DEAR ABBY: My fiance, “Rick,” and I have been together for years and recently got engaged. We are over the moon about it, and genuinely in love. However, this exciting time in our lives has been met with some difficulties.
We recently learned Rick’s mother has been having an affair, which makes for a very uncomfortable situation. My future mother-in-law doesn’t know we know. Rick’s father came to us for help because he suspects she’s cheating. She engages with this man publicly by texting, calling, etc. when we spend time with her, so I avoid her because I don’t want any part of it.
It’s hard to ignore because we live with Rick’s family. He believes we should say nothing. I spoke to our priest about it because I am so deeply disturbed by her behavior and was told to “pray for them.”
I’m worried this will be a negative influence on my fiance and me, and that by remaining quiet we have become part of her lie. What should I do? — CLEAN CONSCIENCE IN THE EAST
DEAR CLEAN CONSCIENCE: Listen to the advice you received from your priest. Pray for your almost in-laws, but do not involve yourself in their marital problems.
If Rick’s father approaches you again for help, tell him that he needs to discuss his suspicions with his wife because that’s the only way his problems will be resolved.
DEAR ABBY: I lost my favorite cat a year ago to kidney disease. I had noticed she wasn’t doing well, but when I told my parents, so we could take her to the veterinarian, they insisted she was fine.
They said she didn’t need to see the vet because her ailments were just age. They refused to have her examined until it was too late, and by then, the vet’s attempts to help her only weakened her. She died in my arms on the way home.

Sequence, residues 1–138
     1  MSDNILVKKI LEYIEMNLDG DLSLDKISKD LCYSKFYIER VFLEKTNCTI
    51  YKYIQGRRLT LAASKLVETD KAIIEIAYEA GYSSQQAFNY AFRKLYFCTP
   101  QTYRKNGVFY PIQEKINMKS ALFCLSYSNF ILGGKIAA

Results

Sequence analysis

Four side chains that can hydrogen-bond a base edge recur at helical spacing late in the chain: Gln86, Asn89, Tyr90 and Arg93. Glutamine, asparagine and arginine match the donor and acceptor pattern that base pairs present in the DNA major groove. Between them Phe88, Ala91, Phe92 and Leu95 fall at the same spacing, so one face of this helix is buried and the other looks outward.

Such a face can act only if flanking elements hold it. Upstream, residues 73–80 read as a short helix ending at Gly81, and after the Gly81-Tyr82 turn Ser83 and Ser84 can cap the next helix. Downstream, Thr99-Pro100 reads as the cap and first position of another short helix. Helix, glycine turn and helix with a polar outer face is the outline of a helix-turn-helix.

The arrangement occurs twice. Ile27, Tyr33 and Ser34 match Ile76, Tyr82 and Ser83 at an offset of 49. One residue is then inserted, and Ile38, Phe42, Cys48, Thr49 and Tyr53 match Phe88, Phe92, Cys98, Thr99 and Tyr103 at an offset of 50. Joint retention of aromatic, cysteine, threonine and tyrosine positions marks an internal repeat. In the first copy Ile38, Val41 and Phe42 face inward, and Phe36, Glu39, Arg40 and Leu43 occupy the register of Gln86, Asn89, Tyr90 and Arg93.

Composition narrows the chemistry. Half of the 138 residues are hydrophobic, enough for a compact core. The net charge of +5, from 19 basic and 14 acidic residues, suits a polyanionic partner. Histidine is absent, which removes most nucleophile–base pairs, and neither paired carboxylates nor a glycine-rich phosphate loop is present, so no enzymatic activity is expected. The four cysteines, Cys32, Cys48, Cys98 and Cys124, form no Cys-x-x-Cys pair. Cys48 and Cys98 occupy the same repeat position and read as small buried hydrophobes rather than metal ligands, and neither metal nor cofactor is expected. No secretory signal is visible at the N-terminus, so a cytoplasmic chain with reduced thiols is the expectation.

I am devastated. She was my therapy animal and she helped me combat my anxiety disorders for over seven years.
When she died, my family seemed to be suddenly struck with grief, even though they ignored her most of the time. This makes me angry because I feel their hesitation to take her to the vet and refusal to listen to me are what killed her.
I’ve forgiven them for what happened, but I still feel upset and angry toward them whenever I see my cat’s picture by her urn on my memory shelf. Am I wrong for feeling this way? — NOT FEELING PURRFECT
DEAR NOT FEELING PURRFECT: Please accept my sympathy for the loss of your cat. What happened to her is regrettable, but holding a grudge won’t help. What might help would be for your parents to get you another therapy cat, and I’m advising you to suggest it.
DEAR ABBY: My daughter recently had her first child (my first grandchild), and I am wondering if there’s any protocol regarding the first visit. Should I wait until my daughter invites me, or should I just tell her I want to come? I’m afraid it would be rude to just invite myself before she’s ready to show off her newborn. — BABY STEPS IN VIRGINIA
DEAR BABY STEPS: Give your daughter some time to rest and for her and her husband/partner to establish a routine, and then ask when it would be convenient for you to come and if she’d like you to help out in any way. I’m sure that approach would be better received than an announcement.
Dear Abby is written by Abigail Van Buren, also known as Jeanne Phillips, and was founded by her mother, Pauline Phillips. Contact Dear Abby at http://www.DearAbby.com or P.O. Box 69440, Los Angeles, CA 90069.
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